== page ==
Cost and risk reductions in managing a distributed system provide the greatest benefits of centralized management. Securing these systems is made easier by a reduction in complexity as well as being highly focused and visible, as are support functions and overall storage aspects.
For decades, encryption key management provided by hardware security modules (HSM) has been the foundation for data security, but as companies move to the cloud they often find the HSM on-premises data encryption model does not efficiently serve the needs of protecting encryption keys in cloud environments. As enterprises contend with security threats CISOs are looking for simpler, standardized methods of securing data.
The benefits of distributed cloud computing are accompanied by new responsibilities for ensuring data is securely maintained wherever it resides—on-premises or in the cloud. One reality of cloud computing is the number of different cloud providers the typical enterprise employs to support its application and data needs. A growing percentage of enterprises have a multicloud strategy. Many even report running applications on an average of 3.4 public and private clouds and experimenting with 1.5 more for a total of 4.9 clouds. Multicloud enterprises are the norm.
Cloud architects, who are often the nexus for critical decisions regarding data, applications, services and security, need to work closely with participants in any cloud project to determine the optimum key management strategy. This decision will be particularly important as an enterprise evolves its IT resources from an on-premises model to a widely distributed, multicloud model. A brief review of cloud evolution and the possible encryption key strategies that can be employed to highlight the pros and cons of various approaches.
Hailed as one of the key drivers of the fourth industrial revolution, blockchain technology is poised to introduce massive disruption to businesses across Asia-Pacific and around the world. There are potential applications in every industry, including the finance, insurance, logistics and election infrastructure, which we will look into in this blog.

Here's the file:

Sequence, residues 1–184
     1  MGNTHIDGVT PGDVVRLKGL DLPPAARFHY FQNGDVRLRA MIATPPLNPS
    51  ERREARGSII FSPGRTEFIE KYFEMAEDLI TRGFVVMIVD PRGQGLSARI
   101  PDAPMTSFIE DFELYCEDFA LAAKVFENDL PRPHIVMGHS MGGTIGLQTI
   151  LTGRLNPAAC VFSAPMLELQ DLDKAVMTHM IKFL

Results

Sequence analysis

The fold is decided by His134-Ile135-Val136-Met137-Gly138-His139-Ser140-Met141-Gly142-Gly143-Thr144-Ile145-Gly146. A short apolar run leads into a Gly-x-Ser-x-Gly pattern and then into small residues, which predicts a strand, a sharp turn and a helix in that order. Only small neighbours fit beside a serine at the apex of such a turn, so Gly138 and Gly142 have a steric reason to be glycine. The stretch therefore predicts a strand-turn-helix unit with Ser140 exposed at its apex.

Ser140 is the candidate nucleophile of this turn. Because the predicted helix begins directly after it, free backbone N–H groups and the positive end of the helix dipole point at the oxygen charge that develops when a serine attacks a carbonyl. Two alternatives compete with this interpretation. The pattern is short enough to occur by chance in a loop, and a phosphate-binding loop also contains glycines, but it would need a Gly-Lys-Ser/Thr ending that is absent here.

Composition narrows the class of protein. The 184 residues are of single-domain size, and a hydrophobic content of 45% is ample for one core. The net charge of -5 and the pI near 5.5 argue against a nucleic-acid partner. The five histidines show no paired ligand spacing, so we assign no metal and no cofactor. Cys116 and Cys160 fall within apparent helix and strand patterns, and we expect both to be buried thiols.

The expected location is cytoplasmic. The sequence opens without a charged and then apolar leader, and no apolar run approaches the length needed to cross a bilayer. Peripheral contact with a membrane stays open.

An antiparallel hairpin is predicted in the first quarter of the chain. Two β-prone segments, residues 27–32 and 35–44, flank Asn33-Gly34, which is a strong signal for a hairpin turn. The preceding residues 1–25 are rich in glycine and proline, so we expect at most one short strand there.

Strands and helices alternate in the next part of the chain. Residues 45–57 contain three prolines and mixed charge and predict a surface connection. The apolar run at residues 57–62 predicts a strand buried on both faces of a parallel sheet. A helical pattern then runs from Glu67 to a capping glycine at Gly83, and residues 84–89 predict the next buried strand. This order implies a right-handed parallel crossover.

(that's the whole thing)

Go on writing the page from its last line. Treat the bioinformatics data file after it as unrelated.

The growth of digital services provided by banks, card issuers, as well as an increasing number of fintech startups who are redefining payment methods and convenience is accompanied by an ever-greater vigilance regarding payment security. Hardly a week goes by without a news item mentioning a data breach that disrupts commerce, damages a business’s reputation and makes consumers less trusting of digital commerce.
Decades-old major retailers with significant investments in on-premises data centers typically take a cautious, gradual approach in making the transition. In most instances, the retailer opts for a hybrid cloud environment with data and applications distributed among their data center and a public or private cloud.
Encryption key management is the foundation for data security. However, the well-established methods of managing encryption keys using legacy hardware security modules (HSM) are inadequate for the growing number of applications hosted in the cloud.
Most of the discussion about identity in the media and on the internet recently has been quite negative, focusing on violations of your privacy and the misuse of personal information tied to your identity. On more than one occasion, we have seen an identity management database compromised, which allows the identity details for millions of users to be obtained by darknet participants or state-sponsored cyberhackers.
Nearly every industry is investigating potential applications of distributed ledger technology (DLT), also known by the more popular term—blockchain. According to the Deloitte 2018 Global Blockchain Survey 74 percent of organizations responding to the survey recognize a “compelling business case” for blockchain applications.